Date of this Version
Hastings Center Report
One area of bioethics education with direct impact on the lives of patients, families, and providers is the training of clinical ethics consultants who practice in hospital-based settings. There is a universal call for increased skills and knowledge among practicing consultants, broad recognition that many are woefully undertrained, and a clear consensus that CECs must avoid an “authoritarian approach” to consultation—an approach, that is, in which the consultant imposes his or her values, ethical priorities, or religious convictions on the stakeholders in an ethics conflict. Yet little work has been done on how to teach CECs not to impose their values in an ethics consultation, or even on the dimensions of this problem. In this essay, I propose a tool for bioethical instruction that targets this question: how can CECs be taught a nonauthoritarian mode of ethical analysis and consultation that can avert the problem of values imposition?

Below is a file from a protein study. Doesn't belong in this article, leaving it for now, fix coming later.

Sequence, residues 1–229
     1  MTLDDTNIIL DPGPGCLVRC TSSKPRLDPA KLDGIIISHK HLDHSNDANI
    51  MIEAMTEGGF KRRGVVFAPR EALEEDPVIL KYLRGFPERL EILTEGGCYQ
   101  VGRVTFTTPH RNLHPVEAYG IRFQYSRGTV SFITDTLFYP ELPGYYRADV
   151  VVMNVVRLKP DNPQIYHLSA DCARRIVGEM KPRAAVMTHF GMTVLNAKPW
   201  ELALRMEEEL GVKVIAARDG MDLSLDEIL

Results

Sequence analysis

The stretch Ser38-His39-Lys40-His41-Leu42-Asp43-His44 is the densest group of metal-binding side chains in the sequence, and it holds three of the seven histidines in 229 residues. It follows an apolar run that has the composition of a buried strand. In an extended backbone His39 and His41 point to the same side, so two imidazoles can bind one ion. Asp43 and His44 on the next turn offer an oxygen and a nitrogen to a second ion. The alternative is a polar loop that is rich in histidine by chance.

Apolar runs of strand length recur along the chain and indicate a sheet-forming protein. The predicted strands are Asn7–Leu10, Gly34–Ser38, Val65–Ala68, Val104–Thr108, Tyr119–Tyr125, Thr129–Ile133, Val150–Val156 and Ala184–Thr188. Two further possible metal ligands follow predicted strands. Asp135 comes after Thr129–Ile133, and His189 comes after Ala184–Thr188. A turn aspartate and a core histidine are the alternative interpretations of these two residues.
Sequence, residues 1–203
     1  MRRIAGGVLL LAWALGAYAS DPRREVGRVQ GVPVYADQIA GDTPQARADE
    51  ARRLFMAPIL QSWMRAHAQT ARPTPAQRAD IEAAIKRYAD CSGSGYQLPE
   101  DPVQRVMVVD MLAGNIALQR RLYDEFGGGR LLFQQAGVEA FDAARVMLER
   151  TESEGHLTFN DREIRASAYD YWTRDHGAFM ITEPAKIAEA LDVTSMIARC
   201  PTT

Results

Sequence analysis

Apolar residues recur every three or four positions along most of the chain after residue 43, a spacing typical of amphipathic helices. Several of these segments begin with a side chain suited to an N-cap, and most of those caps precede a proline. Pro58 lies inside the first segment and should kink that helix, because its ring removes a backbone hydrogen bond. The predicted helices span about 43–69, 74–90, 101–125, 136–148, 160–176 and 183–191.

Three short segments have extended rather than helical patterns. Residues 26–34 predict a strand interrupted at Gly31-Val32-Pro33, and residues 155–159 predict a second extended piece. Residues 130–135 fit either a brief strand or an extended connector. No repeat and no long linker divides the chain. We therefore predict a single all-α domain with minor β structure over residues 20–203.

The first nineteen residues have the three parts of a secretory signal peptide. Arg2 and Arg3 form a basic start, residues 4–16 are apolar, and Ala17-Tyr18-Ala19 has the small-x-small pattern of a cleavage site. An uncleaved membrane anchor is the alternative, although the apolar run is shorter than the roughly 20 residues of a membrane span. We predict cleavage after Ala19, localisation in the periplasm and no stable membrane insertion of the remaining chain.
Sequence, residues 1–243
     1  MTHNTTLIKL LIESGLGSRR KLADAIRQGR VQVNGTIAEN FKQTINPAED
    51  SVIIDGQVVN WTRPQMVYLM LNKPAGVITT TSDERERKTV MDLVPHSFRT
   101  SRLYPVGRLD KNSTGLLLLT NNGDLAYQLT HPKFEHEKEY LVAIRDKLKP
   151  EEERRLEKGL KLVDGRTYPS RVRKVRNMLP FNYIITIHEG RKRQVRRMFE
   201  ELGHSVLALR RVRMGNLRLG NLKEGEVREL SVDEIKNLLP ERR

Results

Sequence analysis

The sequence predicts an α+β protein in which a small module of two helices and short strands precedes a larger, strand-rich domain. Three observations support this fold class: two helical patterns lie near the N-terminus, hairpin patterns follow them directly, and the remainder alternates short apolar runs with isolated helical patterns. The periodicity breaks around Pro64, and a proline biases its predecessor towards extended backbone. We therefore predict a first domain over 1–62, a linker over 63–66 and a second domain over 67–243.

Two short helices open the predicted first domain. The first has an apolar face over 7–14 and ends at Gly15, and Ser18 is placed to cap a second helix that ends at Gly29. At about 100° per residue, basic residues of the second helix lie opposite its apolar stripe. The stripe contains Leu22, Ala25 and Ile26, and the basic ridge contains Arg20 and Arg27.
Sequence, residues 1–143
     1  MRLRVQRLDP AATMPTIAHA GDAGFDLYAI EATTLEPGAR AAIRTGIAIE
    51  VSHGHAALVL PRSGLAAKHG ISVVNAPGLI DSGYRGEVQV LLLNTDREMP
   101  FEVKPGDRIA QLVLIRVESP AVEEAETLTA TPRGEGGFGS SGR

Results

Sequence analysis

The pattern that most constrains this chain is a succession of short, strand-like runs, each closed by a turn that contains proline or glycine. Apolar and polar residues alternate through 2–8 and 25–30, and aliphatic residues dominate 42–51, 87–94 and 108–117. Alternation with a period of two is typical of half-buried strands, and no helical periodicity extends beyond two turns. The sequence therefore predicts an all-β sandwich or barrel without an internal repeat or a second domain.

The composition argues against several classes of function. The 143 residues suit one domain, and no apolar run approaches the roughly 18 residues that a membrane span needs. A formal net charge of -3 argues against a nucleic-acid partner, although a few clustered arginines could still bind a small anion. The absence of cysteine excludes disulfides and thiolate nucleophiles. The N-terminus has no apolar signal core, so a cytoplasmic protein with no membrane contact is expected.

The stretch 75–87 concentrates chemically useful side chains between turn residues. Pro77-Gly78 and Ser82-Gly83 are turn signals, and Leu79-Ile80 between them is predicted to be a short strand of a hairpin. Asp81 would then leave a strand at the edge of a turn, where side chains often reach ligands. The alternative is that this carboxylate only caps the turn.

bioethics, clinical ethics, medical ethics
Fiester, A. (2014). Teaching Nonauthoritarian Clinical Ethics: Using an Inventory of Values and Positions. Hastings Center Report, 45 (2), 20-26. Retrieved from https://repository.upenn.edu/bioethics_papers/79
Date Posted: 02 December 2016
This document has been peer reviewed.